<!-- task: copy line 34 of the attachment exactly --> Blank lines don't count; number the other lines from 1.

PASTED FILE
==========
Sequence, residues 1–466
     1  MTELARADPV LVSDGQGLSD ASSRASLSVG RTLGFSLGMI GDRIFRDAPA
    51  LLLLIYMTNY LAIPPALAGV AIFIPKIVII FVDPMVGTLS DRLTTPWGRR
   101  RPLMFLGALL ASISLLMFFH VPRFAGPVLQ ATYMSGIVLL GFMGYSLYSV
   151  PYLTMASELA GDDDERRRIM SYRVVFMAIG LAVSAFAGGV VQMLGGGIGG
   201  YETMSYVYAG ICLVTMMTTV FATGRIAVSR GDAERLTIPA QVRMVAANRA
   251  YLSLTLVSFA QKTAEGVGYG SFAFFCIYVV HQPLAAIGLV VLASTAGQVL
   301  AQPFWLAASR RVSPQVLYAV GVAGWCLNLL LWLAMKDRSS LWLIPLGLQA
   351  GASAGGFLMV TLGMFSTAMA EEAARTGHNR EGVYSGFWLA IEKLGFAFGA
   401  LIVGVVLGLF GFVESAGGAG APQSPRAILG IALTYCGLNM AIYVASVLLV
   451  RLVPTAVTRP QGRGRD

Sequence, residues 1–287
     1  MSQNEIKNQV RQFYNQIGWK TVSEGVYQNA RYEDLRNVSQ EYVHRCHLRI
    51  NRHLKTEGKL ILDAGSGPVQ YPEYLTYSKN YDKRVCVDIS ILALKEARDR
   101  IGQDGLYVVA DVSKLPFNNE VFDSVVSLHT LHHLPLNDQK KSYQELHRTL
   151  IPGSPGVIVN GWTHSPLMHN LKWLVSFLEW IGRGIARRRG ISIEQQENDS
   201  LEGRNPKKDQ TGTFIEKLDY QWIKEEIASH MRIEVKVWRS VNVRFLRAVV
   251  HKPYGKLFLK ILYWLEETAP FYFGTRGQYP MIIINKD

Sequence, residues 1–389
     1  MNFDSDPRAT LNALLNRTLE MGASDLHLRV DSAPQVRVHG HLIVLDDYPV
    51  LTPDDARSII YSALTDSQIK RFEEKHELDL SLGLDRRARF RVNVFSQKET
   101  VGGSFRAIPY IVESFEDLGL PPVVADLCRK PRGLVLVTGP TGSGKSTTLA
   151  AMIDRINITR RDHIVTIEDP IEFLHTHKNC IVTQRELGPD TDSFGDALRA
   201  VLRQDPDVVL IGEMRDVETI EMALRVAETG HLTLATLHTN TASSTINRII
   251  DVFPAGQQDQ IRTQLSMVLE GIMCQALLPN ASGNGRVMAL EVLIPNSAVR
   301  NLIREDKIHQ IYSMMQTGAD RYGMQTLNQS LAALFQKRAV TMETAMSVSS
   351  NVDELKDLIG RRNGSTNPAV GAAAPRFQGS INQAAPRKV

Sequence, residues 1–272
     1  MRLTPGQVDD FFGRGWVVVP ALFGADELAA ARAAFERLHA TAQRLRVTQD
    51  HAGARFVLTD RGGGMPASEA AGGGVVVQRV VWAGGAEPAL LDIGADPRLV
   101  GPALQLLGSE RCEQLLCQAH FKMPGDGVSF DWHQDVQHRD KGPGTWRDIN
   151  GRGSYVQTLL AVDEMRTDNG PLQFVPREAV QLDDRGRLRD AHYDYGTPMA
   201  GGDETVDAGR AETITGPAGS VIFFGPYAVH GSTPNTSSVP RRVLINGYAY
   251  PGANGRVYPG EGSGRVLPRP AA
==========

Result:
   251  PGANGRVYPG EGSGRVLPRP AA